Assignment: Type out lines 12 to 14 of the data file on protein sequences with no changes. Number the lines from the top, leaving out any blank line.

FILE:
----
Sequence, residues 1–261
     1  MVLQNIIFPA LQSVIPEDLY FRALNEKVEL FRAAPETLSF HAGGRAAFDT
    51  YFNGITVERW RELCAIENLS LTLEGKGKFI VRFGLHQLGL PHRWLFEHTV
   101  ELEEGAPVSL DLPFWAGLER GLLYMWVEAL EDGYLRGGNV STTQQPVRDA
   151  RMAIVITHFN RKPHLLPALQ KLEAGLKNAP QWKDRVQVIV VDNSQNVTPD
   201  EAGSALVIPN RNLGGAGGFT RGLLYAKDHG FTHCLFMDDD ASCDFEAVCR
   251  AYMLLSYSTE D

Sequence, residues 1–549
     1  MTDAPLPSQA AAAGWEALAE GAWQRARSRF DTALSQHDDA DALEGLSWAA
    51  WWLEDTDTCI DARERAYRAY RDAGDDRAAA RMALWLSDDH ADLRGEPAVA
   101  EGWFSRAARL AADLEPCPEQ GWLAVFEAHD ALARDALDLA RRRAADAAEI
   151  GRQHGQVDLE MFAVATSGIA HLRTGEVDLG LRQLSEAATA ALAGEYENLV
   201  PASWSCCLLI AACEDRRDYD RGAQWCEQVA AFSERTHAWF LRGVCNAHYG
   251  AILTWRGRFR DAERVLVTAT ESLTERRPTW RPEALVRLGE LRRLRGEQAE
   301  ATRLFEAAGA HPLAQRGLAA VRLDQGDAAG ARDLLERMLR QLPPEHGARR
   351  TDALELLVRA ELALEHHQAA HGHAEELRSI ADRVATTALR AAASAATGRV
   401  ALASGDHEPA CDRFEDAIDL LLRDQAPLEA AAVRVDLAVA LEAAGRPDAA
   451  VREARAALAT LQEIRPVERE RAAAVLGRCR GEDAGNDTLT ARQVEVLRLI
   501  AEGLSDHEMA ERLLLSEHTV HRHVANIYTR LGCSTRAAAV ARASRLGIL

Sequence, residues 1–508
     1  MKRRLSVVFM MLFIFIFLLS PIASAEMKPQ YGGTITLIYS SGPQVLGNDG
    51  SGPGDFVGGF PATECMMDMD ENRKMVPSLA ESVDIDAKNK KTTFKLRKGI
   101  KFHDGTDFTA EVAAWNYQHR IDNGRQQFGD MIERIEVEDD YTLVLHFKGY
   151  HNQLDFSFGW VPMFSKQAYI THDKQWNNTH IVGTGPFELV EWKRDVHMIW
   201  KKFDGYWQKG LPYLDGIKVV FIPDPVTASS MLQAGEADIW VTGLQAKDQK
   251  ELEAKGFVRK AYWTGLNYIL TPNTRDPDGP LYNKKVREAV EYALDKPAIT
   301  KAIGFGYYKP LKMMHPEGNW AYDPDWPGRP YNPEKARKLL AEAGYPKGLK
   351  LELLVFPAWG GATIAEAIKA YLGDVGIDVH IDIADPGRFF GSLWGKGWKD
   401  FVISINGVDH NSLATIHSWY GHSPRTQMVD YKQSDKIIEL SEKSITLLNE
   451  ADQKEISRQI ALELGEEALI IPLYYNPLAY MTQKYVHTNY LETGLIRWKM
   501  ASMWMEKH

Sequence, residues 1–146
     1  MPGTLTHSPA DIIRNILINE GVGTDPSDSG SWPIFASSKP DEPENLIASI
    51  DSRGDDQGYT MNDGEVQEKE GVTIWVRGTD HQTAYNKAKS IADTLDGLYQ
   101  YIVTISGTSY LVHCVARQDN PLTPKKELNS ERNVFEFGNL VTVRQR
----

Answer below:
   151  GRQHGQVDLE MFAVATSGIA HLRTGEVDLG LRQLSEAATA ALAGEYENLV
   201  PASWSCCLLI AACEDRRDYD RGAQWCEQVA AFSERTHAWF LRGVCNAHYG
   251  AILTWRGRFR DAERVLVTAT ESLTERRPTW RPEALVRLGE LRRLRGEQAE